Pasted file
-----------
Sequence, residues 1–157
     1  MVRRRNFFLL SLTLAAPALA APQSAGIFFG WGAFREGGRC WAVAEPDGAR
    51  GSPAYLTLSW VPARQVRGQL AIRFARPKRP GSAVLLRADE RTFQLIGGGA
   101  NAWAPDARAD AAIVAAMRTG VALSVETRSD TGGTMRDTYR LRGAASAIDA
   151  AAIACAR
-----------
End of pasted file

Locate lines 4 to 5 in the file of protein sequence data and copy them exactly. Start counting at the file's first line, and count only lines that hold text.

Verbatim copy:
   101  NAWAPDARAD AAIVAAMRTG VALSVETRSD TGGTMRDTYR LRGAASAIDA
   151  AAIACAR